Aladdin (1992)


Dave’s 3-Word Review:
Honesty is policy.

This film was selected from ‘The 250’

A while ago, my family used to have an entertainment center that had one shelf filled to the brim with classic Disney VHS films. Funny thing is, we never really upgraded the VHS’s to DVD, but recently, we’ve upgraded straight to Blu-Ray. Funny story…America doesn’t really sell the Blu-Rays right now for classic Disney, but Europe does – so you can actually order overseas the official Blu-Rays. Alright, back to the good stuff. One of these Blu-Rays was of course Aladdin, another one of the most recognizable names of Disney. I think I used to love it, but I think that has turned more into a huge respect and appreciation than anything else.

The story of Aladdin follows around the title character, who is a street rat who comes into contact with a lamp in the ‘Cave of Wonders’. The lamp contains, of course, a genie which allows him three wishes, and for the most part, Aladdin uses his wishes to earn the love of Jasmine (even though the genie said you can’t wish for love. Smooth Al, real smooth). He does this through lie after lie. Meanwhile, Jafar is lurking in the background ready to wed Jasmine and become a mighty sultan to rule the land…ladeedah.

Disney often has all of these themes that you have to look out for. Usually, after you get past the ‘light vs. dark’ central theme, you run into life lessons. Aladdin seems to deal with insecurities, independence, and the importance of honesty (especially as a foundation for a relationship). Past that, there is clearly Jafar’s twisted dealings with greed, selfishness, hatred, and indifference. That’s not so important, because that’s your typical painting of a ‘bad guy’ in a Disney film. Basically speaking – don’t be evil and you’ll be great.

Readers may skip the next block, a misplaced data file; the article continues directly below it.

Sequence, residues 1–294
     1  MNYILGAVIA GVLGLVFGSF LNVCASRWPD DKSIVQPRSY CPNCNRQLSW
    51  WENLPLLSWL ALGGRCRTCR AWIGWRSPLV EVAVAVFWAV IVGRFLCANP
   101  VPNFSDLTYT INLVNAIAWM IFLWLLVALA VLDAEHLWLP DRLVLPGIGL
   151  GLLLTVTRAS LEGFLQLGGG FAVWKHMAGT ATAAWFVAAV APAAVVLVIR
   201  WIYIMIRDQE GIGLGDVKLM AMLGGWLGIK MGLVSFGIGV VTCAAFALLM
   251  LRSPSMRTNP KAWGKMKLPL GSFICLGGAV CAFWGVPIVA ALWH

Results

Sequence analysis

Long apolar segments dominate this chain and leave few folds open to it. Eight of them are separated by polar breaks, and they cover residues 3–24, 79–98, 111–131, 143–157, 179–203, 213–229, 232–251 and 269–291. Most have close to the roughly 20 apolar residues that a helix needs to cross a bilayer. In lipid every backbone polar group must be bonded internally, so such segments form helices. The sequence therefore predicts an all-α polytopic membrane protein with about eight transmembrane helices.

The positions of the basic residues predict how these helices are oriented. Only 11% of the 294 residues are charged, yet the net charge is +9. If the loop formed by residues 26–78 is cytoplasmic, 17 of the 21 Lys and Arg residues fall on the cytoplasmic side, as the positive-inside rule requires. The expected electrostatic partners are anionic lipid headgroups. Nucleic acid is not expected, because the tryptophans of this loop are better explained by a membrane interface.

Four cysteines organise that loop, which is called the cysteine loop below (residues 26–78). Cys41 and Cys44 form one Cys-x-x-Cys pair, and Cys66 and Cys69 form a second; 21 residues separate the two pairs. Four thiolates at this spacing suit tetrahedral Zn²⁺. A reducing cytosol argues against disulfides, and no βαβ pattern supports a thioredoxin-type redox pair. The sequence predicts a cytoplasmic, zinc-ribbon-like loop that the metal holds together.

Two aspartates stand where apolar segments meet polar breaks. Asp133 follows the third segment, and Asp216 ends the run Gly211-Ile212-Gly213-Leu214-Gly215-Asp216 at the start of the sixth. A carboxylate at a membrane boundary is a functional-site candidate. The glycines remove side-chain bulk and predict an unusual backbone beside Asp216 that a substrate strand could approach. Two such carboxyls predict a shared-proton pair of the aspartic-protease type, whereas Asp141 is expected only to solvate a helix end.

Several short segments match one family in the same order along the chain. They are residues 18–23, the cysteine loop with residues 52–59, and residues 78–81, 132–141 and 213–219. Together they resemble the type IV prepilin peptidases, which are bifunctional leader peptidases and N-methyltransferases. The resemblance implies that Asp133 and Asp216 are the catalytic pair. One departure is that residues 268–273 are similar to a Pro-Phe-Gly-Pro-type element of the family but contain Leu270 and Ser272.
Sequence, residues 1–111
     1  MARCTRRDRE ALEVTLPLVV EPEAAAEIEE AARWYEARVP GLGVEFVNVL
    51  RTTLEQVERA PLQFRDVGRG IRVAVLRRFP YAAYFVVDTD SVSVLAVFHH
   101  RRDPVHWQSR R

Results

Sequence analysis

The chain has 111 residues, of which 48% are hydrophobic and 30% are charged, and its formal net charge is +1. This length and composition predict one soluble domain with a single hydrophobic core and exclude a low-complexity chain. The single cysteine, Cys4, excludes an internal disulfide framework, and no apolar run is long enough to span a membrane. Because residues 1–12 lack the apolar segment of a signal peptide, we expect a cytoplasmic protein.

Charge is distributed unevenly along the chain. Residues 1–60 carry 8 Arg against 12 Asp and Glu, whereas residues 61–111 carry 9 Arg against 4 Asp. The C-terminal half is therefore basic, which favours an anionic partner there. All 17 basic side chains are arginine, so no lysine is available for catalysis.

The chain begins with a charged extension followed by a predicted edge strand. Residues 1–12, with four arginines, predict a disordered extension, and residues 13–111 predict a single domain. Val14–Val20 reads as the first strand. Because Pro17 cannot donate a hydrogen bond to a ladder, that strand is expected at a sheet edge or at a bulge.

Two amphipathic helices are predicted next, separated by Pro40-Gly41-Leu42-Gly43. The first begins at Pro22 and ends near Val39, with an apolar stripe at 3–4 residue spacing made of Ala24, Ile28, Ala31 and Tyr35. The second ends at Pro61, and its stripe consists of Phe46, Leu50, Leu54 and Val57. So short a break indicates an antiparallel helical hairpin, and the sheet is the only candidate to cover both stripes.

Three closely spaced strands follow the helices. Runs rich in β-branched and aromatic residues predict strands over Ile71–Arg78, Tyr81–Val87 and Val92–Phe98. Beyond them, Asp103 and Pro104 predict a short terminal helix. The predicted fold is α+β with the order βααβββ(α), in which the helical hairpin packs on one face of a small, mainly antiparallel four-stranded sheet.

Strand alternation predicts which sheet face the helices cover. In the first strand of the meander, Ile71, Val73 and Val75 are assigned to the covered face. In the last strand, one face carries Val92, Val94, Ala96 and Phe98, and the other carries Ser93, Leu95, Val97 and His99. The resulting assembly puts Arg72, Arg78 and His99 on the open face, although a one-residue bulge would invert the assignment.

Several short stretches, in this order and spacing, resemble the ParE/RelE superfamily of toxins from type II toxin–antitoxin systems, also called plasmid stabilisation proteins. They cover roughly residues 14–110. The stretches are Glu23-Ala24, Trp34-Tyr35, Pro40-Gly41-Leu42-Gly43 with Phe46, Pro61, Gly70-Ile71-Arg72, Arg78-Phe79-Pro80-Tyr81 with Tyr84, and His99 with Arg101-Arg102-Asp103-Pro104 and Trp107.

The story takes place in Agrabah, or as we would refer to as Baghdad now, or Babylon back in the days. Plenty of people of differing thoughts as to what this place is based off of, but the original Aladdin story took place in Baghdad…they obviously changed it for Disney. However, Agrabah can also be seen in the now cancelled Once Upon a Time in Wonderland TV series, which has another look into that location. Say what you will about the TV show, it was flawed, but it was heading in an interesting location – I certainly didn’t hate it.

Now, I didn’t exactly rate this as high as I have other classic Disney films. It’s still a high score, still a “buy”, but it just isn’t as high. I liked the music, I liked the characters, and Robin Williams definitely improved everything, but I didn’t so much care about the setting or the story. Disney has a way of creating characters that pretty much everyone can love, as well as writing a soundtrack that is well loved, but for the most part this isn’t my go-to Disney movie. It’s not bad, but I don’t love love love it either.

The Good:

In terms of technicalities, Aladdin is a pretty solid Disney cartoon with a bunch of great themes and morals, characters, songs, and as always, Robin Williams is welcome to voice whoever he would like. It’s a memorable classic that kids can still love to this day.

The Bad:

For me personally, I wouldn’t call Aladdin my go-to Disney movie. I love a lot that the movie has to offer, and I don’t mind watching it multiple times – if it’s been a few years and have nothing else to do. I have high respect for the film, but I personally wasn’t a fan of the setting or story really. The plot when you take it apart is just about a boy wanting to get with a girl.

Memorable Quote:

Genie: Oh, Al. I’m getting kinda fond of you, kid. Not that I wanna pick out curtains or anything.

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